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Like its relative the Japanese beetle, the Oriental beetle is a hated pest of turfgrass. Not so much at our house since we treat our lawn with something between benign neglect and half-hearted maintenance. But people interested in a nice carpet of unbroken grass blades don't like the white C shaped larvae that grow into this beetle. They live in the soil, nibbling on the roots of the grass, killing sections of grass, leaving unsightly dead patches. The grown beetles don't make themselves any more welcome, feeding on roses and other ornamental flowers. Accidentally introduced from Asia, this invasive species is being battled with a natural enemy: a commercially available nematode that preys on the Oriental beetle grub.
I wrote that almost exactly 4 years ago, referring to the insect in this picture:
Looks pretty different but both are Exomala orientalis*. The species varies on a light to dark spectrum between the two extremes shown.
* Very outside, from the east
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Oh, hi! This friendly looking insect with fearsome hooklike feet is a grapevine beetle Pelidnota punctata.* It uses those feet to cling and clamber about on grapevines, eating the fruit and leaves in the cover of dark. I have never encountered one on our Concord grapevines Vitis labrusca.** Instead we find them bumbling about our porch light, rattling against the door at night. On one memorable occasion, we hosted a moth night, and caterpillar expert Sam Jaffe attended--he found a grapevine beetle and affixed it to his forehead. The little tarsal claws held on good and tight for a while, bringing painful slapstick to an absurd sight gag.
* Pelidnota from Greek pelidno, livid (dark, inflamed/leaden tinge of the skin) plus nota, the back. Punctata meaning spotted.
** Grapevine, wild grapevine
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This hairy beast is just a baby. If it makes it to fully grown--and why wouldn't it, it has few predators and is well defended with prickly setae--it will metamorphose into a short blackish beetle with a tawny belt across its back. Both as an adult beetle and as an active larva, the larder beetle Dermestes lardarius* feeds on durable organic matter. This individual was found with many close relatives feeding on the mummy of long-dead mouse. Unlike the relative (Anthrenus verbasci) I covered earlier, larder beetles are almost always encountered indoors, the environment which provides shelter and food to them around the globe.
Aw look at the fuzzy little belly!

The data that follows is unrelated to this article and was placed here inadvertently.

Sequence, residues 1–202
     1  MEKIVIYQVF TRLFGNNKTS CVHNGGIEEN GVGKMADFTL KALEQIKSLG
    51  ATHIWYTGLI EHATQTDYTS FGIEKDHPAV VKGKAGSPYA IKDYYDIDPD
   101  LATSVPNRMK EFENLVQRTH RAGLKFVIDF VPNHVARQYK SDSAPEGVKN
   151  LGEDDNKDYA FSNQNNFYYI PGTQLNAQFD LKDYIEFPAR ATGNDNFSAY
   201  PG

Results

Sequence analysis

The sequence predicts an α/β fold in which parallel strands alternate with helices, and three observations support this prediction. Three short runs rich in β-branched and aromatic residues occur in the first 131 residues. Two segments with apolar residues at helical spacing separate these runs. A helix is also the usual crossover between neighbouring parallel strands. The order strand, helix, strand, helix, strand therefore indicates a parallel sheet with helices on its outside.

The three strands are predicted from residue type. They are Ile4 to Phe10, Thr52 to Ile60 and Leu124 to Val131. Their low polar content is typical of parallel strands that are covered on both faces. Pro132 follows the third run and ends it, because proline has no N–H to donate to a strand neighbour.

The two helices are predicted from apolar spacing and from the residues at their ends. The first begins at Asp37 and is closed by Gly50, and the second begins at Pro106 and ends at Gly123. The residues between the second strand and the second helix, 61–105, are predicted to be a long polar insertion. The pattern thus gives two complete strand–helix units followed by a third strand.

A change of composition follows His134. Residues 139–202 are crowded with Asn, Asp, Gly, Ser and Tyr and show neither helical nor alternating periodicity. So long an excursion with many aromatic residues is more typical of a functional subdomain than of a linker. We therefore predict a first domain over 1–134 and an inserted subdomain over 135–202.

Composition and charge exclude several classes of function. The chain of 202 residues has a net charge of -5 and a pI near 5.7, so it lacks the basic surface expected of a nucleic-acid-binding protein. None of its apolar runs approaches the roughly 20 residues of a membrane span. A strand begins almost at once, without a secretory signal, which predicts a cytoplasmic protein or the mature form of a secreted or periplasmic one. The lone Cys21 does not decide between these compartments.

* "Skin eater in the larder"
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I checked my "sap bucket beetle" tag to see what I'd written about these before. I like what I wrote back then, so I'm going to just directly quote myself when talking about Ellychnia corrusca*:
"These are beetles descended from bioluminescent ancestors, but have given up the key characteristic of their family. They fly by day so have no reason to light up at night. Mates are attracted to one another in the more usual insect way, by scent.
I've always had an affection for these soft-shelled, slow-flying beetles. At least once a year I'll grab one out of the air as it lazily flies by. It will crawl about on my hand for minute, trying to figure out what happened, and I'll look at the distinctive red markings on its underside and pronotum. There are about a dozen species of day-flying fireflies in North America, but this one is the largest, and I suspect the most common."
* "Glittering lampwick." Did you not notice it NOT bioluminescing Mr. Linnaeus?
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This is another time where I wasn't sure what I was looking at until I examined the photo later. Another little beetle only 3 mm long or so, and delightfully colorful. What a disappointment to realize it's not only non-native, but moonlights as a household pest.
Anthrenus verbasci* is also known as the varied carpet beetle (or more correctly, if awkwardly "variegated carpet beetle). Carpet beetles are a group of beetles that specialize on the dry durable tissues of the long dead. A wool carpet is just a big mat of mammal fur, a priceless taxidermy is a tempting balloon of edible skin, a beautiful set of mounted butterflies is a carpet beetle buffet. This species has a taste for plant tissues as well, becoming a pest in flour mills and food storage facilities.
* This name translates to "mullein wasp."